"JPMorgan Chase developed schemes to sell electricity at falsely attractive prices in Michigan and California, according to The New York Times. The market manipulation could result in JPMorgan Chase receiving penalties from the Federal Energy Regulatory Commission."
"JPMorgan Chase is reportedly accused of manipulating energy prices to make money-losing power plants seem profitable.
Between 2010 and 2011, JPMorgan Chase sold electricity to authorities in California and Michigan at prices “calculated to falsely appear attractive,” reads a confidential government document acquired by The New York Times.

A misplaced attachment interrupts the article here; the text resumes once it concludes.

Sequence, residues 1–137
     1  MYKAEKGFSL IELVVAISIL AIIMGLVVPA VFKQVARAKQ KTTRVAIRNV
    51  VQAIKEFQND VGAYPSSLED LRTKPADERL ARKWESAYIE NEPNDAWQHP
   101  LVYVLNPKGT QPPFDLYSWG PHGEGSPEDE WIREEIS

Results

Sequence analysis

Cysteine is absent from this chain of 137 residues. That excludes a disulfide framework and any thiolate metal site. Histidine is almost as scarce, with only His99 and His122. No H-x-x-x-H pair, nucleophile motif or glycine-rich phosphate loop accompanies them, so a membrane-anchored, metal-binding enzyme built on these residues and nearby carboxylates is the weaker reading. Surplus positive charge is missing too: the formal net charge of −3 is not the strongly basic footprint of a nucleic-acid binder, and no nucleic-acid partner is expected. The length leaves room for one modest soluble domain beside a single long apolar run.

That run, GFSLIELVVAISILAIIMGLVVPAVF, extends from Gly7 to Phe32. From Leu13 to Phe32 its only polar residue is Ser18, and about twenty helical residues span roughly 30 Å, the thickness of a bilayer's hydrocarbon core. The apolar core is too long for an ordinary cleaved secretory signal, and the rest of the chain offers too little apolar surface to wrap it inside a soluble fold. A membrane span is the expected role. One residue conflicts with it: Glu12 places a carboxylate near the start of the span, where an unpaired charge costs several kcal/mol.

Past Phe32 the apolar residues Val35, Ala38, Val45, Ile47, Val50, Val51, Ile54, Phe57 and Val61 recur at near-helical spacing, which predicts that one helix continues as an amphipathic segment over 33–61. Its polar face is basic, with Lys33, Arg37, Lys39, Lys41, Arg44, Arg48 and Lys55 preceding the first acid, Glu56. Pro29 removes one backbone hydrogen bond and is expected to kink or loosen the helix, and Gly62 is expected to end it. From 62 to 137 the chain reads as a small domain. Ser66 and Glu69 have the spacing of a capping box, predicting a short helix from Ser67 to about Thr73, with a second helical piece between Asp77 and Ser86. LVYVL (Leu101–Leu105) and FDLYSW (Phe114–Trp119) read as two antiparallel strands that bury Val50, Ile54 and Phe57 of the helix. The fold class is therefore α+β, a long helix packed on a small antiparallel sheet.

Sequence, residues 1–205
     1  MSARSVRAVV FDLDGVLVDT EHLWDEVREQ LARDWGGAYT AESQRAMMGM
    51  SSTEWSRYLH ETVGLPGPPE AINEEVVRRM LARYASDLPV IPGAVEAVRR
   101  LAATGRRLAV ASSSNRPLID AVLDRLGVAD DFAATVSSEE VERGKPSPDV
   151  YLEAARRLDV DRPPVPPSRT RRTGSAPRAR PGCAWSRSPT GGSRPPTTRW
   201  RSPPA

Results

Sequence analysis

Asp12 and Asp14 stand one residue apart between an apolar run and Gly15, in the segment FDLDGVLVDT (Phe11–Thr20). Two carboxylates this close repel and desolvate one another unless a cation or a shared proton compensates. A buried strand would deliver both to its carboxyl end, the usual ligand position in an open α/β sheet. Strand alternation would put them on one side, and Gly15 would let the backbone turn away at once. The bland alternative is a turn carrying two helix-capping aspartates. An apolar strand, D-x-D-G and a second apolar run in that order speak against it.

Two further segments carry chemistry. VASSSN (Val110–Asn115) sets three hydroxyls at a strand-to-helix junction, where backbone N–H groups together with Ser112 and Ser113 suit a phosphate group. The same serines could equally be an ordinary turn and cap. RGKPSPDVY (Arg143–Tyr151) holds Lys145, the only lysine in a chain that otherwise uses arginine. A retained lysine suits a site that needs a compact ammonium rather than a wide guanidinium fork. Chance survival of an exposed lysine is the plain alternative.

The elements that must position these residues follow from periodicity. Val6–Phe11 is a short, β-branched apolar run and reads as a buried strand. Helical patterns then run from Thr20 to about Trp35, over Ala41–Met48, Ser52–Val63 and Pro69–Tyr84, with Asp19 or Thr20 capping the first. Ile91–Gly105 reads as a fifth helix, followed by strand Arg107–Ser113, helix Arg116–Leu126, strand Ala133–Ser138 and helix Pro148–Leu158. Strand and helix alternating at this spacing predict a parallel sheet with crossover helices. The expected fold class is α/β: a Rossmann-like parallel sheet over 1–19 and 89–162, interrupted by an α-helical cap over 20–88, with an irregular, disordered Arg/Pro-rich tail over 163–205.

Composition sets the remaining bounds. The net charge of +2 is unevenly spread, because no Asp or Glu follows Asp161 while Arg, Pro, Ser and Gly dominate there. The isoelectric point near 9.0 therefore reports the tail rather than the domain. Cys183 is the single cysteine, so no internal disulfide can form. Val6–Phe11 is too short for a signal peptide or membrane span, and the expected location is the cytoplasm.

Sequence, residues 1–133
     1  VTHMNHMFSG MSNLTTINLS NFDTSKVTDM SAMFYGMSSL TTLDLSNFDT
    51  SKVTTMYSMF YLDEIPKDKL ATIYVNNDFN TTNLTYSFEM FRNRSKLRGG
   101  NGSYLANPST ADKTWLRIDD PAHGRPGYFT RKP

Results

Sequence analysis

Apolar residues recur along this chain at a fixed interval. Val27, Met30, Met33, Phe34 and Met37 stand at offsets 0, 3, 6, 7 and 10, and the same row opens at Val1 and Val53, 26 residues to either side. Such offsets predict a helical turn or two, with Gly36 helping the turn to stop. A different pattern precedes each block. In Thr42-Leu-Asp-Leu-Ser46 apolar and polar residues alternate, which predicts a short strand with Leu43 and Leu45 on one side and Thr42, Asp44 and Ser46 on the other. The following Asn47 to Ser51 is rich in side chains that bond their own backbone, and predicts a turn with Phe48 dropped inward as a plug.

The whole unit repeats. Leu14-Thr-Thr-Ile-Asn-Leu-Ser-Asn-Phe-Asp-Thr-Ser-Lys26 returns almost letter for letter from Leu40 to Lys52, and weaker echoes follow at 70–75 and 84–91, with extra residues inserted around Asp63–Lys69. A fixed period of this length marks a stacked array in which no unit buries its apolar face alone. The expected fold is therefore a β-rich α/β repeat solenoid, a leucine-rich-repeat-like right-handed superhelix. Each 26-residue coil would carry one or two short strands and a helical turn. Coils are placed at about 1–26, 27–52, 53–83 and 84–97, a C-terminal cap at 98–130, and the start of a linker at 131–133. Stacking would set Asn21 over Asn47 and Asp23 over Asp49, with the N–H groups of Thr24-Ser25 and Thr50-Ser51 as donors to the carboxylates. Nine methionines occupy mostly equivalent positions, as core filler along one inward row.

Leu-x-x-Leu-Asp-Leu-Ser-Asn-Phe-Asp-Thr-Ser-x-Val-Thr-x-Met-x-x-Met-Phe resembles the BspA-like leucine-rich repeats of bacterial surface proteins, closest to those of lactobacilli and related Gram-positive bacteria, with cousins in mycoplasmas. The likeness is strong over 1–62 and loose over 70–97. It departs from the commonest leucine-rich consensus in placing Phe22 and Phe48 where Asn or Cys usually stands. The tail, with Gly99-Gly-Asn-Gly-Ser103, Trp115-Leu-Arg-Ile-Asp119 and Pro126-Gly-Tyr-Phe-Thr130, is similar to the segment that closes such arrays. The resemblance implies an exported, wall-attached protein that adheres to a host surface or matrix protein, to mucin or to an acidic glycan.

The alleged market manipulation cost the states $83 million in excess payments.
The nation's largest bank could face stiff penalties from the Federal Energy Regulatory Commission (FERC), a low-profile agency charged with regulating the sale of electricity. FERC has not yet made a public statement about the investigation, but analysts suggest the regulator is likely to pursue charges. Call it the 'Enron effect.'
'In 2001, FERC acted as if market manipulation was a sort of boys-will-be-boys situation,' Frank Lindh, general counsel at the California Public Utilities Commission (CPUC), said in a telephone interview. 'Now, they seem to be taking it more seriously.'"